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Changes to umbilical function

I'm just noticing a difference in the "umbilical" functions between old and new Teslas. On my Model S, when the car is fully charged and I go to heat up the car, it'll draw power from the charger in order to keep the battery at a full charge. On my Model Y, even though it's on the charger it'll draw from the battery first, then recharge as the state of charge drops down a bit.

The situation with the Model Y could potentially shorten your effective range when you go to leave.

Is this something across the board, or solely on the 3/Y?
 
Are you using the App Scan My Tesla to detect this behaviour?

You should review some recent YouTube video from Bjorn Nyland.

One difference between the S/X and 3/Y is the use of heater devices instead of using the motors to get some heat to warm the habitacle and the battery.

For the 3/Y if you only want to heat the habitacle use the Camp Mode, but this is not available using the remote.

If you want to warm only the battery use the Heating Control, but keep the habitacle temperature at the current ambient temperature.
 
Are you using the App Scan My Tesla to detect this behaviour?

You should review some recent YouTube video from Bjorn Nyland.

One difference between the S/X and 3/Y is the use of heater devices instead of using the motors to get some heat to warm the habitacle and the battery.

For the 3/Y if you only want to heat the habitacle use the Camp Mode, but this is not available using the remote.

If you want to warm only the battery use the Heating Control, but keep the habitacle temperature at the current ambient temperature.

No, I'm not using an app to detect it - it's obvious from observation. While I understand the different methodologies of heating implementation, its the functional differences that are interesting to note. In essence, while one will draw power directly from the charger to heat and prep the car, the other uses the battery to do it then will charge the battery once the level of charge has depleted a bit. Why do I ask? Simple. If you're concerned with the number of cycles a battery can recharge, then the situation with the 3/Y will exacerbate it. In the older cars, it bypasses the batteries entirely and preserves the state of charge as well as reduces the number of charging cycles the battery endures.
 

rypalmer

Active Member
Aug 22, 2014
1,606
1,847
Canada
In the older cars, it bypasses the batteries entirely
This is not quite accurate to say - I think it's more correct to say that on older cars, with full batteries, the charging input was regulated to cancel out the load on the HV battery from the PTC heater or other onboard equipment. So hopefully it's as simple as a software fix for newer cars.
 
No, I'm not using an app to detect it - it's obvious from observation.
While I understand the different methodologies of heating implementation,
its the functional differences that are interesting to note.

In essence, while one will draw power directly from the charger to heat and prep the car,
the other uses the battery to do it then will charge the battery once the level of charge has depleted a bit.
Why do I ask? Simple. If you're concerned with the number of cycles a battery can recharge,
then the situation with the 3/Y will exacerbate it.

In the older cars, it bypasses the batteries entirely and preserves the state of charge
as well as reduces the number of charging cycles the battery endures.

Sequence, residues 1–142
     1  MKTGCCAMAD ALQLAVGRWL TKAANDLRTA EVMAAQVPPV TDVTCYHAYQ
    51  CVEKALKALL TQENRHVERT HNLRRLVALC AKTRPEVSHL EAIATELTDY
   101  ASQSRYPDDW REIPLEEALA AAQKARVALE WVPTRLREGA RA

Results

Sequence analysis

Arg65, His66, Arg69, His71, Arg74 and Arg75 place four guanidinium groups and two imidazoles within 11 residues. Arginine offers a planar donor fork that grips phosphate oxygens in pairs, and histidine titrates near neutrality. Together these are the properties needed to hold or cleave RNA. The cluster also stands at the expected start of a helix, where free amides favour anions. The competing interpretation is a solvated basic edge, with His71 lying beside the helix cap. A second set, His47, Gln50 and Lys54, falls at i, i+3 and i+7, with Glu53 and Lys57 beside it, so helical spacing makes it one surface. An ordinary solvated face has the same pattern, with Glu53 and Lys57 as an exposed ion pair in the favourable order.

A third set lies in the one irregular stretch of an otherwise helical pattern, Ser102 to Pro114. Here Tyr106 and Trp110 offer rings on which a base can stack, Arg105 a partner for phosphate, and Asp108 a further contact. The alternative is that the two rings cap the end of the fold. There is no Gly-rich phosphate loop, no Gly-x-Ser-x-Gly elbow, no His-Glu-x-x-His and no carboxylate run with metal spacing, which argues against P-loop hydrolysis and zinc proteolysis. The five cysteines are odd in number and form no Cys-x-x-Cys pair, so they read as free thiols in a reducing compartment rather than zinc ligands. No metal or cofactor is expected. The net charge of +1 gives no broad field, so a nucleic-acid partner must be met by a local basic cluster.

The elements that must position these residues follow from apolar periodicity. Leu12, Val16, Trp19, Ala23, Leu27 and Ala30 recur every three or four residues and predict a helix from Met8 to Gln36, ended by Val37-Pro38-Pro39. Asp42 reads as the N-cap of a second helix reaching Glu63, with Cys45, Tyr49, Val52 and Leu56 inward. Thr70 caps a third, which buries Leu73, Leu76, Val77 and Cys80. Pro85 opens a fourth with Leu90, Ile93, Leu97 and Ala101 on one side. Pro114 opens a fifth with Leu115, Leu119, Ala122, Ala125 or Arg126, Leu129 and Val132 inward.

I noticed in Canada that cars have an electrical plug connected to a resistive heater
located in the oil pan to keep the oil warm overnight.

When an EV is connected to an L2 plug, it would be very simple and not very expensive to have a resistive heater
keeping the battery warm instead of using the energy stored in the battery to keep the battery warm.
This could both save energy and increase battery life.

Adding a resistive heater could be an option for cars, sold in countries with harsh weather conditions,
whose battery capacity and longevity are already badly affected by the cold weather.
 
  • Disagree
Reactions: Rocky_H and Brando
I noticed in Canada that cars have an electrical plug connected to a resistive heater
located in the oil pan to keep the oil warm overnight.

When an EV is connected to an L2 plug, it would be very simple and not very expensive to have a resistive heater
keeping the battery warm instead of using the energy stored in the battery to keep the battery warm.
This could both save energy and increase battery life.

Adding a resistive heater could be an option for cars, sold in countries with harsh weather conditions,
whose battery capacity and longevity are already badly affected by the cold weather.

Well, if the old one already had resistive heaters, does the new one automatically mean that the resistive heaters are gone completely or supplemented with the heat pump? I'm noticing that as the temperature drops right now, the Y consumes a lot more energy than when it was warmer. I'm not going to get into a full analysis, but based on what I'm seeing I don't see the supposed winter time improvements being as dramatic as suggested.
 

rypalmer

Active Member
Aug 22, 2014
1,606
1,847
Canada
When an EV is connected to an L2 plug, it would be very simple and not very expensive to have a resistive heater keeping the battery warm instead of using the energy stored in the battery to keep the battery warm.
Perhaps, but its current drawn would have to be deducted from the available current the onboard charger can draw. And it would only provide inefficient resistant heat. I think it's a better plan just to account for this in the use of existing heat sources and the onboard charger, which already has the ability to throttle its output based on J1772 signalling.
 

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